In adaptor Peter Gaitens' "Flesh and Blood," it has. The most interesting relationship emerges between the family's youngest progeny, Zoe, a wild child who abuses drugs and lives in the East Village, and a male transvestite, who becomes her protector (a surrogate sister) and later her straight-laced mother's closest confidante as well. This is not a friendship, but a self-sustaining family, whatever its duration. Like a family—and unlike a friendship—these characters, who seemingly have little in common short of their isolation, have somehow formed a cohesive bond.
Mom as Child
Yet a more savage depiction of the new family emerges in Polly Draper's "Getting Into Heaven," which played Off-Broadway (also last summer) at the Flea Theater. "Heaven" examined family life among the scrapings in the rock 'n' roll world, with its signature drugs and celebratory self-destruction. Specifically, it tells the story of Cat Venita (Draper), "a badass rock 'n' roller," her troubled lesbian relationship with the band's female drummer Rose, their emotionally disenfranchised son Danny (Rose's biological child), and the frustrated Jed (also a rock 'n' roller), who fathered Danny.
Draper acknowledged that some audiences—regardless of sexual orientation—might find the whole subject alien, if not distasteful. No matter. "I enjoy looking at families who, to the outside world, are outside of the norm," she said. "But what's universal in all families is their love for their children. 'Getting Into Heaven' could easily have been subtitled 'Sex, Drugs, Rock 'n' Roll, and Motherhood.' "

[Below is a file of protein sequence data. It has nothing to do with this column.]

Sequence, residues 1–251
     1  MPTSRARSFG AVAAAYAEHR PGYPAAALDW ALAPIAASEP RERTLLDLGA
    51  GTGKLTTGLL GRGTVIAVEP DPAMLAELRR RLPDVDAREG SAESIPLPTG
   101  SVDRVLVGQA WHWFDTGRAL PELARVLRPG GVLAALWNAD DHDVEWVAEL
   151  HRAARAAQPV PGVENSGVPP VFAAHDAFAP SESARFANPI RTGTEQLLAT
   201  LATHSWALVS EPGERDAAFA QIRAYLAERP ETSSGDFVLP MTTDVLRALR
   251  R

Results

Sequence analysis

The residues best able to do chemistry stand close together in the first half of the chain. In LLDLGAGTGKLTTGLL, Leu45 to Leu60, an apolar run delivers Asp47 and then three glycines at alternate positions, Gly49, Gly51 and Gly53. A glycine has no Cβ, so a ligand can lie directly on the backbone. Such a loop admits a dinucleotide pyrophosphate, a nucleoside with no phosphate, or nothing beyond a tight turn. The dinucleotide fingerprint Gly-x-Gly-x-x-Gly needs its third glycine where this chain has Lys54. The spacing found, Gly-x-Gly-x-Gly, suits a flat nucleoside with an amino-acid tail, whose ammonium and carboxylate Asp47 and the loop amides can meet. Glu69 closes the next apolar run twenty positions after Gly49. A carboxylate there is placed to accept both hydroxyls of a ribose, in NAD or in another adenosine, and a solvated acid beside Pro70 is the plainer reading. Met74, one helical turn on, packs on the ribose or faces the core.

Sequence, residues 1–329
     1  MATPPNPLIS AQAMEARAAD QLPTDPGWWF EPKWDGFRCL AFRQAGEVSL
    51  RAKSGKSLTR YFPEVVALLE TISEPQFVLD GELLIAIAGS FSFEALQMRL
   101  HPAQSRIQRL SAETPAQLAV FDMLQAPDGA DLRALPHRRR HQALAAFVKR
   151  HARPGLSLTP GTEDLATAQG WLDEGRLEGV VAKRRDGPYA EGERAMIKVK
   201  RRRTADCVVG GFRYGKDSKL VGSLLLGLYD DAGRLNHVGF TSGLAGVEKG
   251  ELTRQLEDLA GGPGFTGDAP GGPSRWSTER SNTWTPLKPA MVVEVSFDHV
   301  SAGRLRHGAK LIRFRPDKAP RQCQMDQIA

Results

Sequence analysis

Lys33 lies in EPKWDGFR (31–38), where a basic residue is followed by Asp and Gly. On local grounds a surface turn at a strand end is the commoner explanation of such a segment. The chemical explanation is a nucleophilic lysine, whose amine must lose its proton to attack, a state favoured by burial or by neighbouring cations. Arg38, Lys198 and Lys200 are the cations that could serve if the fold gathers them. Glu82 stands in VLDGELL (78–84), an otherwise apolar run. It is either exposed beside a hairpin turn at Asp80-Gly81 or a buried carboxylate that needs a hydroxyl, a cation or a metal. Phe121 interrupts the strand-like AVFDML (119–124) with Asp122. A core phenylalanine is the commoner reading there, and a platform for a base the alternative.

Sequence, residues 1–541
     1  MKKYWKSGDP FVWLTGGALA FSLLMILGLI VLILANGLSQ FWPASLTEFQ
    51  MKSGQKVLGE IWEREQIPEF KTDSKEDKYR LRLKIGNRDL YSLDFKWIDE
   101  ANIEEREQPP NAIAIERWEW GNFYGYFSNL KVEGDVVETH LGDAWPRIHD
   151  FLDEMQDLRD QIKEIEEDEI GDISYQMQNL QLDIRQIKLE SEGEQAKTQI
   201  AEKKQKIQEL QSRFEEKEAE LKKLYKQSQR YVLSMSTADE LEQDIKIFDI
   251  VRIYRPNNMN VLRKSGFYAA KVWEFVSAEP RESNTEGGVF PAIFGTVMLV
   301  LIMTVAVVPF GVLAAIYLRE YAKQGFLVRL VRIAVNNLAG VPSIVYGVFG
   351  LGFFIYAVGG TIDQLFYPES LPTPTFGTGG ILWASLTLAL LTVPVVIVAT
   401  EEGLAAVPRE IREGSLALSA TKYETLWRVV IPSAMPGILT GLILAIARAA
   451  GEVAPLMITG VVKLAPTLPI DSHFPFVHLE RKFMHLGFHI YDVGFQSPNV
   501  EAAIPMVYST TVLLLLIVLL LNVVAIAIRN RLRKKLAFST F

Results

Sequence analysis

There's only one problem. Cat and Rose are so screwed up, they're virtually incapable of caring for Danny, who is killed as a result of an accident that could have been avoided, if the badass rock 'n' rollers were even semiconscious.
More recently, there was Joyce Carol Oates' "Bad Girls," Tristine Skyler's "The Moonlight Room," and Paula Vogel's "The Long Christmas Ride Home" (which just completed a run Off-Broadway at the Vineyard, and may reopen on Broadway). In "Ride Home," recounting a particularly wretched family Christmas get-together, the kids are portrayed not by young actors but by manipulated hand puppets, their faces masklike and frozen (see "Puppets Abound on Local Stages: A New Aesthetic?" in Back Stage, Nov. 21, 2003). Later in the play, the kids, now fully grown (and played by actors), are totally unlucky in love, and, in fact, unable to maintain connections with anybody. The homosexual son, who recklessly practices unsafe sex, is suicidal.
Vogel's commentary about the nature of childhood, early traumas, and the long psychic shadows they cast is evident. Still, these characters are (debatably) better off than their parents precisely because they are rootless and, by extension, free (within parameters, anyway). The parents, on the other hand—terrifically played by Randy Graff and Mark Blum—philandering and fated to permanent unhappiness, will never be free of each other, with their self-gluing hellish secrets. The play is observing the old and the new family and how the former has given rise to the latter.
Whatever the issues and failings of the new generation, Vogel said she is "optimistic about the new families my characters and their children will later create. They are free and, if nothing else, they're aware of alternatives to the way their parents lived." She added, "I'm hopeful about new and positive family patterns that we'll be seeing onstage as well as in the world. Restructured families don't have to be non-harmonious and ruptured."